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The Behavioral Economics of Biodiversity Conservation Scientists

Vellend, Mark (2019) The Behavioral Economics of Biodiversity Conservation Scientists. Philosophical Topics, 47 (1). pp. 219-237. ISSN 2154-154X

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Abstract

Values have a profound influence on the behaviour of all people, scientists included. Biodiversity is studied by ecologists, like myself, most of whom align with the “mission-driven” field of conservation biology. The mission involves the protection of biodiversity, and a set of contextual values including the beliefs that biological diversity and ecological complexity are good and have intrinsic value. This raises concerns that the scientific process might be influenced by biases toward outcomes that are aligned with these values. Retrospectively, I have identified such biases in my own work, resulting from an implicit assumption that organisms that are not dependent on natural habitats (e.g., forests) effectively do not count in biodiversity surveys. Finding that anthropogenic forest disturbance reduces the diversity of plant species dependent on shady forests can thus be falsely equated with more general biodiversity loss. Disturbance might actually increase overall plant diversity (i.e., including all of the species found growing in a particular place). In this paper I ask whether ecologists share values that are unrepresentative of broader society, I discuss examples of potential value-driven biases in biodiversity science, and I present some hypotheses from behavioral economics on possible psychological underpinnings of shared values and preferences among ecologists.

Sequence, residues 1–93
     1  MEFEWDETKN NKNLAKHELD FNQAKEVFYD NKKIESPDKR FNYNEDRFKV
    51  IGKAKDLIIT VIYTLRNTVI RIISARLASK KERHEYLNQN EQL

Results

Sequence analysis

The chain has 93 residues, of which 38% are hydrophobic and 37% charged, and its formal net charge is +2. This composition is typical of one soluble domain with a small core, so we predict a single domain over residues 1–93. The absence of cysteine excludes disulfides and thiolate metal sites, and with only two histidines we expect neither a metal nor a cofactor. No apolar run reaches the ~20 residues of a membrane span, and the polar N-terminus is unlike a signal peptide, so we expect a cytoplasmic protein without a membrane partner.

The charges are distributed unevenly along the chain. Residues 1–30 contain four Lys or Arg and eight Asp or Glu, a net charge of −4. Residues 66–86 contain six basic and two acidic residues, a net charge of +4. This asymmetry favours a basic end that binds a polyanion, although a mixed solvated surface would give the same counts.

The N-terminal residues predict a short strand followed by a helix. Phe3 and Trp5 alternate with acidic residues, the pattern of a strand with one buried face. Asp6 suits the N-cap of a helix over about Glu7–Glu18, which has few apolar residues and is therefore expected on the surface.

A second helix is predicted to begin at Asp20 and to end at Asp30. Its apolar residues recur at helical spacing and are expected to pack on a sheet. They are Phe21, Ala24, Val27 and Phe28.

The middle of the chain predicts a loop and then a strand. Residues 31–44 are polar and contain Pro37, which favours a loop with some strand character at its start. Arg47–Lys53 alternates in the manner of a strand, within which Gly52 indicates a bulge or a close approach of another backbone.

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Item Type: Published Article or Volume
Creators:
CreatorsEmailORCID
Vellend, Markmark.vellend@usherbrooke.ca0000-0002-2491-956X
Keywords: biodiversity, values, conservation, ecology, bias
Depositing User: Dr. Mark Vellend
Date Deposited: 01 Dec 2020 06:07
Last Modified: 01 Dec 2020 06:07
Item ID: 18469
Journal or Publication Title: Philosophical Topics
Publisher: University of Arkansas Press
Official URL: http://muse.jhu.edu/article/774181
DOI or Unique Handle: muse.jhu.edu/article/774181
Date: 30 April 2019
Page Range: pp. 219-237
Volume: 47
Number: 1
ISSN: 2154-154X
URI: https://philsci-archive-dev.library.pitt.edu/id/eprint/18469

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